This past year the news of the violence that took place at Charlie Hebdo, the French newspaper whose cartoons mocked the Muslim extremists, reminded us of that anger. The lives of several French cartoonists and journalists were taken in another outburst of hatred toward French culture. The world responded with sympathy (“I am Charlie Hebdo”) and a renewed vow to celebrate “free speech.”

But this past weekend’s events, in which local terrorists took the lives of over 100 Parisians, remind us again that this hatred is not dead. More extreme and widespread violence has just begun, and we are now wondering what to do next to contain or combat extremists throughout the world.

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This is where teaching comes into the discussion. I am so proud of my profession; moreso than ever. In the United States teachers are the ambassadors of plurality, seeking to find ways to assimilate and educate our newcomers as they arrive at our borders and in our airports.

This is not to say that all teachers welcome undocumented immigrants and their families; prejudice and scorn often rear their heads in faculty lunchrooms. But even those who do not appreciate our tolerance for immigrants understand that our nation was built on their efforts and continues to flourish in many ways because of them. They also understand that building a wall is not the best way to solve the immigrant dilemma.  Supporting the assimilation of immigrant children and their families into our culture is how our nation will continue to sustain its principles of freedom and equality.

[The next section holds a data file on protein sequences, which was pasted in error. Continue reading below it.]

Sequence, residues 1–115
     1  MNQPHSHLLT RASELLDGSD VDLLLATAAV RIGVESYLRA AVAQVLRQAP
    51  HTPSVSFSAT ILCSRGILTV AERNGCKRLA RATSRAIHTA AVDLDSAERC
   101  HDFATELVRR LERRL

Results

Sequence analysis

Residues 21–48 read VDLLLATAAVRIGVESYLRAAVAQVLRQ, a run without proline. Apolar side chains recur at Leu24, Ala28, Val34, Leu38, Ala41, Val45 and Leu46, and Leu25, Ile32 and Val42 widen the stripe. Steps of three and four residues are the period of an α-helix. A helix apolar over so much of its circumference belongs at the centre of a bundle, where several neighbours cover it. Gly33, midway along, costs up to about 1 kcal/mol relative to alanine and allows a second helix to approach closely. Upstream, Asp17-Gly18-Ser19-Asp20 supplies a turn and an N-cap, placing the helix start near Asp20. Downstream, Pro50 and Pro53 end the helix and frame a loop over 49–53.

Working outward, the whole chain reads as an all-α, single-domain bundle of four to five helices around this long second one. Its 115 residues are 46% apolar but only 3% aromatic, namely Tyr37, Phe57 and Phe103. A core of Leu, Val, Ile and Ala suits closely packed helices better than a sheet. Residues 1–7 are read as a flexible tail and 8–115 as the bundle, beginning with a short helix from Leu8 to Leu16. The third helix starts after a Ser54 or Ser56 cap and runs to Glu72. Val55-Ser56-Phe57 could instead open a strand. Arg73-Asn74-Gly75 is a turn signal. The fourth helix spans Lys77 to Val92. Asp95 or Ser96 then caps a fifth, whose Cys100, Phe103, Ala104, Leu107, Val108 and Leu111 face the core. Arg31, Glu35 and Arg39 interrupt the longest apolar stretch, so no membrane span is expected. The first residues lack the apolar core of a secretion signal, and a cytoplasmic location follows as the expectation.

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I have often questioned my own beliefs as a teacher of English to immigrant students over the past several decades. But I have always come to the conclusion that becoming more understanding of people from other cultures, while helping their children to become better educated and assimilated, is the only way to continue to build a foundation of trust and strength.

I am particularly proud of my fellow English as a Second Language teachers.  We are often not held in high regard in our own schools or communities because of the controversial work we do, but we are the best advocates in our educational system for making sure that all children have equal access to a good education. Education is terrorism’s worst enemy and the best weapon we have for preserving our values.

Has the World Gone Mad? Thoughts On Co-teaching ELLs in the Mainstream Classroom